The information that follows summarizes the important points presented in this chapter.
The use of microwave frequencies forced the development of special tubes to offset the limitations caused by interelectrode capacitance, lead inductance, and electron transit-time effects in conventional tubes. Microwave tubes, such as the klystron and twt, take advantage of transit-time effects through the use of VELOCITY MODULATION to amplify and generate microwave energy.
The KLYSTRON is a velocity-modulated tube which may be used as an amplifier or oscillator. The klystron, when used as an amplifier, requires at least two resonant cavities, the buncher and the catcher. A diagram of a basic klystron is shown at the right.
The REFLEX KLYSTRON, shown at the right, is used only as an oscillator and uses only one cavity to bunch and collect the electrons. The frequency is determined by the size and shape of the cavity. The reflex klystron has several possible modes of operation which are determined by electron transit time. Electron transit time is controlled by the REPELLER voltage.
The TWT is a wide-bandwidth, velocity-modulated tube used primarily as an amplifier. The electron beam is bunched by a signal applied to the HELIX. The bunching causes an energy transfer from the electron beam to the traveling wave on the helix.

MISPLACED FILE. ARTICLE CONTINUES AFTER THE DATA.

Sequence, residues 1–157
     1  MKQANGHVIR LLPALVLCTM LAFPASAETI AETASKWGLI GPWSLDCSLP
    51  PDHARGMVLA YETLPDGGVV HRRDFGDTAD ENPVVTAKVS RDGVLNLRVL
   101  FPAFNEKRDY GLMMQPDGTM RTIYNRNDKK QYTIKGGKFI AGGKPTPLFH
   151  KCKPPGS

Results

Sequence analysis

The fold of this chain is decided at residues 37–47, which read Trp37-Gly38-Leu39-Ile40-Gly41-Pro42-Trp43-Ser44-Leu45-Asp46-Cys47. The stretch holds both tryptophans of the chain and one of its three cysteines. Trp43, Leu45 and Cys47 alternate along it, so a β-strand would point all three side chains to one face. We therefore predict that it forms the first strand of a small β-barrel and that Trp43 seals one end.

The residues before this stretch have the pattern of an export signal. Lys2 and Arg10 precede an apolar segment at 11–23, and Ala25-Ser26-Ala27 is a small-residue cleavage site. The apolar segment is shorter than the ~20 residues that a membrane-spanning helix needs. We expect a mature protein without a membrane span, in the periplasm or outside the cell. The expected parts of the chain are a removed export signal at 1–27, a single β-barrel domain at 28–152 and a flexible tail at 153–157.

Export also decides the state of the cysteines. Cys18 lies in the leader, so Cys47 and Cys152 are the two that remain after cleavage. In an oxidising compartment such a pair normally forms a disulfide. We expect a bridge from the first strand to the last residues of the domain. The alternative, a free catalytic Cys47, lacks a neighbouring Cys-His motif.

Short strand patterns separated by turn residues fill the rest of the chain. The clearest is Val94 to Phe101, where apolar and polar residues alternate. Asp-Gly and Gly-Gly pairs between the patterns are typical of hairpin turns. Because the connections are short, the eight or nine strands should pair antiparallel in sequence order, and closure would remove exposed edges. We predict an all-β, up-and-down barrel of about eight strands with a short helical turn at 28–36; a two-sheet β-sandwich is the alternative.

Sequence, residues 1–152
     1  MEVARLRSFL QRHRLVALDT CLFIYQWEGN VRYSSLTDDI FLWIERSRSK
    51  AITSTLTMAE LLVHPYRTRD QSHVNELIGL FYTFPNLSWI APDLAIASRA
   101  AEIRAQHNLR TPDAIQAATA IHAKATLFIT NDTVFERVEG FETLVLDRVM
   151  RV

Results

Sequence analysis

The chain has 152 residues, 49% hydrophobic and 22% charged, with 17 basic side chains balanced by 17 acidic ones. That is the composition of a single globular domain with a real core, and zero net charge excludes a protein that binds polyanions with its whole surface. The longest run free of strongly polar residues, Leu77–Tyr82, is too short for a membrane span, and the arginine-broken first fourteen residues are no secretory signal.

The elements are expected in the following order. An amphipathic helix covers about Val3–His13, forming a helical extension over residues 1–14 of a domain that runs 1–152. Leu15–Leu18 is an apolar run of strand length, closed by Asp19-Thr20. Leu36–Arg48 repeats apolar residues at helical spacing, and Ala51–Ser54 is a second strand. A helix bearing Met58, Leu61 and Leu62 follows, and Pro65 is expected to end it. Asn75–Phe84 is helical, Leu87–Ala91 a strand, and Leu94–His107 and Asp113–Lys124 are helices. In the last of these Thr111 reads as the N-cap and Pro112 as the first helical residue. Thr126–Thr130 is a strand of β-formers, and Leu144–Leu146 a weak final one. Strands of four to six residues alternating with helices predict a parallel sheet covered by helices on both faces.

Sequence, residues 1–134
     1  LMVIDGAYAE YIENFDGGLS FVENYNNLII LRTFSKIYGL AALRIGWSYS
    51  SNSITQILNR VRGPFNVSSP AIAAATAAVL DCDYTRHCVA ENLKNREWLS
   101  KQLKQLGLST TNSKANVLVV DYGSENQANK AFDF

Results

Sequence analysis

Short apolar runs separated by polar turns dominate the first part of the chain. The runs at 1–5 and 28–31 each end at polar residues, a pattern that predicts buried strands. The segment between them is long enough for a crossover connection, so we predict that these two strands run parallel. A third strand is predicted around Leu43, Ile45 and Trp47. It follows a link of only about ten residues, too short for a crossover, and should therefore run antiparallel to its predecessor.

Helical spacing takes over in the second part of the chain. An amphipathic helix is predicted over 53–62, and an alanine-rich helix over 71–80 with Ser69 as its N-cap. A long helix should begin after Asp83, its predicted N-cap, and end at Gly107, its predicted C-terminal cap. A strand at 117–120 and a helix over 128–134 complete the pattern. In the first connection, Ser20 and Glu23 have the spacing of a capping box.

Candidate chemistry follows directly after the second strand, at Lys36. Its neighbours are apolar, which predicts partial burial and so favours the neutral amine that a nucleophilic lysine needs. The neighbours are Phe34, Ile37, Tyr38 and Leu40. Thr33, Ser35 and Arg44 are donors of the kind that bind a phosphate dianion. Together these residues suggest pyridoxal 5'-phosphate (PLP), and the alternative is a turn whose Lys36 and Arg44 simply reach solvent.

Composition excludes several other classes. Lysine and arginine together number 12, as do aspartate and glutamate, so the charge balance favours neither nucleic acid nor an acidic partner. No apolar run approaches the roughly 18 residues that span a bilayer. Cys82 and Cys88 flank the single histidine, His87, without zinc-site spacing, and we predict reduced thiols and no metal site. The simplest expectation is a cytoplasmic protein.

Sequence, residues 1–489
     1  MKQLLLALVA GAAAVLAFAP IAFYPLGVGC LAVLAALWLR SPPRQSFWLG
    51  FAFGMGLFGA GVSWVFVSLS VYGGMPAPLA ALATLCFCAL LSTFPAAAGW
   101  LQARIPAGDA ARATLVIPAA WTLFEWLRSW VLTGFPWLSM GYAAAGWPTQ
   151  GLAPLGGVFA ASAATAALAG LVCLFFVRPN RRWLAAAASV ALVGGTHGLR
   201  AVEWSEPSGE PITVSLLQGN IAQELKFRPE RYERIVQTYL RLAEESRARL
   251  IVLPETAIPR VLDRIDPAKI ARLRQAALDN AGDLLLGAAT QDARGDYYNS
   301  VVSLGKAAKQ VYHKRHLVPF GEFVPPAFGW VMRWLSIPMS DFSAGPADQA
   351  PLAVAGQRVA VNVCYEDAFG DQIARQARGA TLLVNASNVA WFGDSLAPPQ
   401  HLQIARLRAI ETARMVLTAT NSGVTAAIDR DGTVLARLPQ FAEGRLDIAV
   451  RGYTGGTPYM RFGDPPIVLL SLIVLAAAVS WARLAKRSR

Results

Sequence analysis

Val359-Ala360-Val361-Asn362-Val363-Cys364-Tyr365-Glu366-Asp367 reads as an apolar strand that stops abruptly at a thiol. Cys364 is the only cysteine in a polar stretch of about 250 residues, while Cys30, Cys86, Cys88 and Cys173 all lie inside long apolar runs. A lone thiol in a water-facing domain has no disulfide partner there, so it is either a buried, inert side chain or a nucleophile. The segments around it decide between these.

The MAGNETRON is a DIODE OSCILLATOR capable of delivering microwave energy at very high power levels. Three fields exist within a magnetron that influence operation: (1) the DC ELECTRIC FIELD between the anode and cathode; (2) the AC ELECTRIC FIELD produced by the oscillating resonant cavities and on the same plane as the dc field; and (3) the MAGNETIC FIELD produced by the permanent magnet which is perpendicular to the dc electric field.
Magnetrons are of two basic types, the NEGATIVE-RESISTANCE MAGNETRON and the ELECTRON-RESONANCE MAGNETRON. A diagram of a magnetron is shown at the right.
SOLID-STATE MICROWAVE DEVICES are becoming increasingly widespread in microwave equipment with new developments almost daily. Most of the currently available solid-state devices are two-terminal diodes with the capability to generate or amplify microwave energy. Many of the solid-state devices, such as the TUNNEL DIODE and the BULK-EFFECT DIODE, apply the property of NEGATIVE RESISTANCE to amplify microwave signals or generate microwave energy. A characteristic curve illustrating the negative-resistance property of the tunnel diode is shown at the right.
The VARACTOR is a two-terminal diode that acts as a variable capacitance and is the active element of PARAMETRIC AMPLIFIERS. The parametric amplifier is a low-noise microwave amplifier that uses variable reactance to amplify microwave signals. The illustration shows an example of a NONDEGENERATIVE PARAMETRIC AMPLIFIER.